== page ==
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Weekly Reviews: Raiders! and Little Wolves
I am sharing two very different books today, which I can only tenuously connect thanks to the Alex Awards. (Thus the completely unimaginative title of this post!)
Let’s begin on a light-hearted note. First, a review of Raiders!, which won a place on the Booklist Editors Choice: Adult Books for Young Adults, 2012. Our reviewer certainly agrees with the positive assessment – note the star next to this one. Teen librarians and readers talk a lot about fan fiction — this is about the making of the ultimate fan film. (The book trailer is great fun, including a few brief clips.) I wouldn’t be surprised to see this one end up on the Alex Award list on Monday morning. It’s what teen appeal is all about.
Next up we have a review of Thomas Maltman’s second novel, Little Wolves. Maltman is no stranger to the Alex Awards. His debut, The Night Birds, won a 2008 Alex. The Night Birds is a beautifully written, layered historical novel set in 19th century Minnesota, which follows a teenager named Asa whose family history intertwines with the violent Dakota Conflict of 1862.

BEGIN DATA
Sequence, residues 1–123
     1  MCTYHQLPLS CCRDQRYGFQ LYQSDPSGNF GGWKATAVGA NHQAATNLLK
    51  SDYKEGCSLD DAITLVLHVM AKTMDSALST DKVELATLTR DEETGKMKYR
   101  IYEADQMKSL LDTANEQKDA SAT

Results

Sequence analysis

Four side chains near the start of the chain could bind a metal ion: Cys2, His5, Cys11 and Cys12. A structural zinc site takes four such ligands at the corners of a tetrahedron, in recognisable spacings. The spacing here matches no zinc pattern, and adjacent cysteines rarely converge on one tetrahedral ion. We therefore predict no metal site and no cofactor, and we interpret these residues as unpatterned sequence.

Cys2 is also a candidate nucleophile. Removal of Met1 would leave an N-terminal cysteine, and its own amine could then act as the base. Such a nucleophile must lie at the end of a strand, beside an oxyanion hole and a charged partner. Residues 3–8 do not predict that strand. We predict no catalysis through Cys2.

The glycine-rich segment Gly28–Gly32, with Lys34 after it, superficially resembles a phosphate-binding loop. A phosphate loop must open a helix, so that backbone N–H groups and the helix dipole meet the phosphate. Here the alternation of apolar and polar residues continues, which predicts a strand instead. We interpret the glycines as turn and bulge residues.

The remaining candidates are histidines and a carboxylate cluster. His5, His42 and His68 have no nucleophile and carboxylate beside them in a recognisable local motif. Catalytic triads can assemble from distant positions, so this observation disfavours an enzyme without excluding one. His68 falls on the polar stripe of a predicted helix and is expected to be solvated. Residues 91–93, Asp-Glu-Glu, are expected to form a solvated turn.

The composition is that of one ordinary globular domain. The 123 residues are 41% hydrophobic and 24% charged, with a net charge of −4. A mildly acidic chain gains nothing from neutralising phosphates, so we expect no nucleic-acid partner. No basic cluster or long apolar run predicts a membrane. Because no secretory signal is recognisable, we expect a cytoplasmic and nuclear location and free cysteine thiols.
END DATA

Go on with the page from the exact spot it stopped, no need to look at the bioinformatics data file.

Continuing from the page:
I happened to be the chair of the 2008 Alex committee, and one of the wonderful privileges of being chair is leading the Alex Awards Program at ALA the following summer. Maltman was one of the authors who spoke at that program, along with Jeff Lemire (Tales from the Farm, Essex County, v.1) and Patrick Rothfuss (The Name of the Wind). All of the authors were wonderful to listen to, of course, but Maltman had actually written out his speech, and he allowed me to reprint it in the Spring 2009 issue of YALS (Young Adult Library Services). It is very affecting – and available online (scroll down to page 6).
I especially enjoyed his ideas about getting teens to enjoy history by using stories. From his speech about The Night Birds: “Watching him [a substitute history teacher] I saw again how much we need story to understand history, often seen as a random sequence of events and dates. Story provides a guide to take us into the past and it shows us all the ways the past is alive inside us today. I used to tell people that my novel was a work of historical fiction, but when I interviewed with a bookseller down in Iowa, she told me what your novel is really about is family secrets. Now that’s a much juicier two word description. The truth is that most of us don’t love history the way we love a good secret. So if I can draw a young reader in with my novel, get them wrapped up in the story, I hope to also sneak in some history, in this case a lost, secret historical event unknown to many people outside of Minnesota.”
Little Wolves is very different. Then again, it is also set in rural Minnesota, this time during the 1980s. And again, family secrets play a role.
* EISENSTOCK, Alan with Eric Zala & Chris Strompolos. Raiders!: The Story of the Greatest Fan Film Ever Made. 320p. Thomas Dunne. 2012. Tr $25.99. ISBN 978-1-250-00147-4. LC 2012035374.